A Bull, A Pig, and a Rooster Walk Into a Cafe...

A startled-looking, wide-eyed chick is seen tumbling from his breaking shell. Beneath him stands another quirky chick, wielding bacon on a fork twice her size, with a piece of shell covering her eyes. A pig barista is covered in tattoos; a blue bull sniffs beans; a delighted rooster inhales the steam from her coffee. Donuts seem to fall from the ceiling.

No, this isn’t my personal Adult Swim-fueled sleep paralysis; these images can be found painted on the walls of Rise + Grind, Durham’s newest breakfast joint owned by the town’s coveted Hop + Grind. All of the art comes courtesy German artist Falk Houben.

Houben has an affinity for off-kilter animals, something obvious to anyone who’s seen the Grind murals. “They’re kinda edgy, they’re kinda mean...but still not too mean,” he said with a small laugh. “I love to create animal characters, just because you can give them so many different traits and they can do whatever you want. An animal can get away with so much more stuff than if it were a human, you know what I mean?”


Photography by Jack Bouchard

Houben’s creations are tucked into every nook and cranny of the cafe; the hidden hallway outside the bathrooms was transposed into a brick alley, and a taco-loving paint-pig watches patrons as they wait to pee. With no help, Houben painted 150 square feet in an astonishing ten days. “But, you know, it’s like super long days; probably fourteen-hour days,” the artist added. “The thing is, you get in a flow when you have a big project like this.”


On the last day, Houben couldn't help himself. He went over to Hop + Grind and added more paint to the walls.


The folks at Rise + Grind know how to treat an artist, which may explain Houben’s hard-working attitude. The artist, who currently resides in Colorado with his wife, was flown out and put up in a hotel room to make the coffee shop’s mural happen. During Houben’s stay in Durham, he ate lunch and dinner at Hop + Grind everyday. “I ate myself through the entire menu,” he said with a laugh. His favorites? “The Hot Chick and Hog Marley.”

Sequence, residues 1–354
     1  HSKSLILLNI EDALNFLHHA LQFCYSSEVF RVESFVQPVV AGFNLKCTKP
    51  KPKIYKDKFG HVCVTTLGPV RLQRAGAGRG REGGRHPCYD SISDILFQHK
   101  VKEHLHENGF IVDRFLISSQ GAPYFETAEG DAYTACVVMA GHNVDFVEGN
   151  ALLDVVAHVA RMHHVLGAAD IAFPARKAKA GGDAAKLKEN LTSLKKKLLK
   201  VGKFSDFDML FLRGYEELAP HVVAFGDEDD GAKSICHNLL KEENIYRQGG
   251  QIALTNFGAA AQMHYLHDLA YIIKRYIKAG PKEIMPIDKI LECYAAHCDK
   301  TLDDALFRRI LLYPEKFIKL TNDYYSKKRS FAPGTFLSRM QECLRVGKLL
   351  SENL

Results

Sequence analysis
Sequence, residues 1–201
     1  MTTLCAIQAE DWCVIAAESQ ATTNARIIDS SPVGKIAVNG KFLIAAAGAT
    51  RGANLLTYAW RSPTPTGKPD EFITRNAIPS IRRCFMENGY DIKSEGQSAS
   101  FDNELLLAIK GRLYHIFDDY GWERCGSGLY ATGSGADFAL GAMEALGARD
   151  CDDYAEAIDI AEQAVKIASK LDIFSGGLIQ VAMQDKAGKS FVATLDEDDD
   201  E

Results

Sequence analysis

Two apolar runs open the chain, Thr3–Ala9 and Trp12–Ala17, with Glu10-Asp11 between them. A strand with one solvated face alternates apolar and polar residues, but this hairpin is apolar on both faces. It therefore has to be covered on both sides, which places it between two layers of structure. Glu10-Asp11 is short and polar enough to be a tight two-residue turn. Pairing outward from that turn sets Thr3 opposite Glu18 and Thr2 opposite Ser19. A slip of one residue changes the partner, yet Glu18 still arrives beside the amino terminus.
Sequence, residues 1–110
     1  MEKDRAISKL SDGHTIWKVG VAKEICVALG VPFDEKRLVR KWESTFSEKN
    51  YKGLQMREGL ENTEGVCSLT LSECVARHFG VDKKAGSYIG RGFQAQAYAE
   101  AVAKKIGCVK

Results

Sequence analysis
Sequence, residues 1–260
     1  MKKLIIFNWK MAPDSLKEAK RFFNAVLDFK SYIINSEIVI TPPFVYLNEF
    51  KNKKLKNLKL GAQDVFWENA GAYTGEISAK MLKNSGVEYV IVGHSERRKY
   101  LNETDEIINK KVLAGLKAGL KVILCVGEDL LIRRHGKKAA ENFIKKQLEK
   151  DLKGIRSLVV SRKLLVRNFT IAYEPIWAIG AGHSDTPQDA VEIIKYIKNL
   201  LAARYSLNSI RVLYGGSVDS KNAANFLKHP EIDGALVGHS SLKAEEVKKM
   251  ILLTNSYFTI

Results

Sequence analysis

Initially, Houben connected with Hop + Grind’s owner and chef Bobby Marcotte in 2018 to create a personal tattoo design. Looking back, this was only a harbinger of things to come; just a few years later and Houben’s art has become a staple of both the Peabody and Durham Hop + Grind locations. And when the newfound, beloved Rise + Grind came to fruition, it was a no- brainer whose artwork would grace the walls.

Houben’s first mural for Marcotte found its home in Peabody. The original plan? One small mural. The outcome? Two large ones. “Me and Bobby were really getting along very well,” Houben explained. “From then on, we were like, ‘You know what, let’s do this thing together, the whole brand development.’” And that’s just what the pair’s doing now.

“It’s not just a boring brand logo,” said Houben. “They’re custom and unique and handmade—just like the food is.”

Houben enjoys putting messages into his artwork. In Rise + Grind, these include references to Chef Marcotte’s first-born daughter, Alanna, who passed away from cancer when she was thirteen. “Peace Love Alanna” has been painted in pink smoke on the air duct. Pigs are inked with “f#%k.cancer” tattoos and her birthday.

“But he really turned this disaster into a positive energy,” Houben explained. “He raises about $150,000 a year for St. Judes.” On St. Patrick’s day, the company hosted a charitable 5K road race. References to this charity work can also be found throughout the mural (best bet: check the pig tattoos). As for his personal favorite piece of the Rise + Grind art, Houben said it’s the three animals in the corner: the bull, the rooster, and the pig. “But there’s so many different ones,” he added. And he’s right; everytime I enter, I seem to find a new detail I hadn’t noticed before: “forkinoff” tatted on a pig’s ear, pink steam circling the restaurant, dripping donuts cascading down the wall.

However, my favorite piece of the mural has not changed: the aforementioned chicks. The same can be said for Dana DiCola, the general manager of all three Grind locations. Houben laughed upon hearing this. “You know, the chicks were super spontaneous,” he said. “The chicks, we didn’t even plan on. I just kinda freehanded that. But people really, really love the chicks. And that happens sometimes. You can plan as much as you want, then you have a funny idea and all of a sudden it becomes a favorite.”